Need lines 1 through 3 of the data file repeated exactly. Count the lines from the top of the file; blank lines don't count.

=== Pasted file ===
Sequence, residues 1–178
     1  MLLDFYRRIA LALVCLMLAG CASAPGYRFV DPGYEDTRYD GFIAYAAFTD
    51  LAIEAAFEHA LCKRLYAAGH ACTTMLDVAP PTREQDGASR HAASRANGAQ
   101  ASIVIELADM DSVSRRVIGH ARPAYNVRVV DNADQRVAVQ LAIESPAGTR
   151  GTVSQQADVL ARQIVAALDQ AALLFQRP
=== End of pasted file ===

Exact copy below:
Sequence, residues 1–178
     1  MLLDFYRRIA LALVCLMLAG CASAPGYRFV DPGYEDTRYD GFIAYAAFTD
    51  LAIEAAFEHA LCKRLYAAGH ACTTMLDVAP PTREQDGASR HAASRANGAQ